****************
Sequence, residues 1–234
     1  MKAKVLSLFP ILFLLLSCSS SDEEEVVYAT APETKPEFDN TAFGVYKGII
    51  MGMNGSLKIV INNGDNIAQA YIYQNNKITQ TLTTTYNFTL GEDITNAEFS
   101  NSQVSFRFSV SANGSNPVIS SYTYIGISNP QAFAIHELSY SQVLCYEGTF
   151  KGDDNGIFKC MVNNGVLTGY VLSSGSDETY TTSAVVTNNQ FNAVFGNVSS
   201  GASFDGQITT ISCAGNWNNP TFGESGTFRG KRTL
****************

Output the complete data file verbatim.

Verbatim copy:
Sequence, residues 1–234
     1  MKAKVLSLFP ILFLLLSCSS SDEEEVVYAT APETKPEFDN TAFGVYKGII
    51  MGMNGSLKIV INNGDNIAQA YIYQNNKITQ TLTTTYNFTL GEDITNAEFS
   101  NSQVSFRFSV SANGSNPVIS SYTYIGISNP QAFAIHELSY SQVLCYEGTF
   151  KGDDNGIFKC MVNNGVLTGY VLSSGSDETY TTSAVVTNNQ FNAVFGNVSS
   201  GASFDGQITT ISCAGNWNNP TFGESGTFRG KRTL